Release date: 2022-11-16

  • Articles and reports: 82-003-X202201100003
    Description:

    The Statistics Canada Biobank is a valuable source of nationally representative health information. It contains biospecimens collected from the Canadian Health Measures Survey (CHMS) and the Canadian COVID-19 Antibody and Health Survey (CCAHS). This data resource profile aims to provide an overview of the Statistics Canada Biobank to inform researchers and data users about the program and how it can be used as a resource for the advancement of health-related research.

    Release date: 2022-11-16

  • Stats in brief: 11-627-M2022071
    Description:

    Based on data from the 2021 Survey on Access to Health Care and Pharmaceuticals During the Pandemic, this infographic examines pharmaceutical access and use across regions and immigration status. It also looks out-of-pocket spending on medication and non-adherence to prescription medication because of cost.

    Release date: 2022-11-02

  • Articles and reports: 82-003-X202201000002
    Description:

    Canadian adults spend a large proportion of their day engaged in sedentary behaviour, which in excess, is a risk factor for hypertension, obesity, depression, chronic conditions and premature mortality. Using data from the Canadian Health Measures Survey (CHMS) and the new Canadian 24-Hour Movement Guidelines for Adults aged 18-64 years and 65 years and older, the purpose of this study is to compare the percentages of Canadians meeting three different sedentary thresholds (less than and equal to 3 hours per day of screen time, less than and equal to 7 per day of self-reported sitting time and less than and equal to 9 hours per day of accelerometer-measured sedentary time).

    Release date: 2022-10-19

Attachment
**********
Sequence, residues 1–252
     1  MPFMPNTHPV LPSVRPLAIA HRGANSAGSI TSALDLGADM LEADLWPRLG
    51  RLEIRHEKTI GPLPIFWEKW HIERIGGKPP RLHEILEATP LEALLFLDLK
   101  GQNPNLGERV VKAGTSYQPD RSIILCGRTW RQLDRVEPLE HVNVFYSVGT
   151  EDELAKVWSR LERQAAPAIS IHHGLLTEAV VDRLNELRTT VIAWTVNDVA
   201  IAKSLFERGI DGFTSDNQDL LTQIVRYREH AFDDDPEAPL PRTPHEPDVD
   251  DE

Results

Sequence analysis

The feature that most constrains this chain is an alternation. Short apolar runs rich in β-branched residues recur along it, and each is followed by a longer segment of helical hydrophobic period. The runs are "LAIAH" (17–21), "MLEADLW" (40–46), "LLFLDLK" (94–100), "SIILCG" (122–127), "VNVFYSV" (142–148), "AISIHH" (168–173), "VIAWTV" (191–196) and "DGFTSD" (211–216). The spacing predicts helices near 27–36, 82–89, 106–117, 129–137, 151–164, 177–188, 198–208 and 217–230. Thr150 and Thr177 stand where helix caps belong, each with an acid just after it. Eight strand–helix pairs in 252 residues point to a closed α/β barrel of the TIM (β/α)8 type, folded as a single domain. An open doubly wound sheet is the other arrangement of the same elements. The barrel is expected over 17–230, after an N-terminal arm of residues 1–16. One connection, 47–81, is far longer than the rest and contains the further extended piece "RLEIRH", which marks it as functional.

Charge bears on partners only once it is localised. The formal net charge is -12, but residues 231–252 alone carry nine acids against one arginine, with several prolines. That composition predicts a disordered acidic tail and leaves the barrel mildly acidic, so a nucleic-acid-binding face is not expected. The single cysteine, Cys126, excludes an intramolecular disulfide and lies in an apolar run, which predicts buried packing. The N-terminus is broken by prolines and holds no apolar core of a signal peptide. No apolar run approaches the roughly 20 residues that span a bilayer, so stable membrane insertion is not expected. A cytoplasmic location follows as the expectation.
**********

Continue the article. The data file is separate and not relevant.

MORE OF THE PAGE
• Articles and reports: 75-006-X202200100010
    Description:

    Using the Canadian Health Survey of Children and Youth (2019), this study provides an understanding of the prevalence and severity of self-reported experiences of bullying among sexually and gender diverse youth (aged 15 to 17). The study also looks at the association between bullying, sexual and gender diversity, and other socio-demographic characteristics, as well as the relationship between bullying and the overall health and well-being of sexually and gender diverse youth.

    Release date: 2022-10-18

  • Stats in brief: 11-627-M2022054
    Description:

    An analysis of medical and non-medical cannabis consumption in the past 12 months among the population aged 15 or older, using the 2019/2020 Canadian Community Health Survey.

    Release date: 2022-10-17
Stats in brief (51)

Stats in brief (51) (0 to 10 of 51 results)

  • Stats in brief: 11-627-M2022085
    Description:

    Using data from the Canadian Community Health Survey (CCHS) and the Canadian Census Health and Environment Cohort (CanCHEC), this infographic examines the suicidal thoughts and suicide mortality among immigrants in Canada. It also looks at the differences in suicide-related behaviours by sociodemographic and socioeconomic characteristics.

    Release date: 2022-12-01

  • Stats in brief: 11-627-M2022071
    Description:

    Based on data from the 2021 Survey on Access to Health Care and Pharmaceuticals During the Pandemic, this infographic examines pharmaceutical access and use across regions and immigration status. It also looks out-of-pocket spending on medication and non-adherence to prescription medication because of cost.

    Release date: 2022-11-02

  • Stats in brief: 11-627-M2022054